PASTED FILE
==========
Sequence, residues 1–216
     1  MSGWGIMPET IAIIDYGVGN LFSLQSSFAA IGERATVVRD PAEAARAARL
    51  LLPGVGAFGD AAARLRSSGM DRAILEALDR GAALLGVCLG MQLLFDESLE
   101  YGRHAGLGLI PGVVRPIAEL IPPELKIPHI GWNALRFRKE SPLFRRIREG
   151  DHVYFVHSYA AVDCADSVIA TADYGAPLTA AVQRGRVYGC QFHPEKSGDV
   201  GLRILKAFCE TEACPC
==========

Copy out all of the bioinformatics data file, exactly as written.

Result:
Sequence, residues 1–216
     1  MSGWGIMPET IAIIDYGVGN LFSLQSSFAA IGERATVVRD PAEAARAARL
    51  LLPGVGAFGD AAARLRSSGM DRAILEALDR GAALLGVCLG MQLLFDESLE
   101  YGRHAGLGLI PGVVRPIAEL IPPELKIPHI GWNALRFRKE SPLFRRIREG
   151  DHVYFVHSYA AVDCADSVIA TADYGAPLTA AVQRGRVYGC QFHPEKSGDV
   201  GLRILKAFCE TEACPC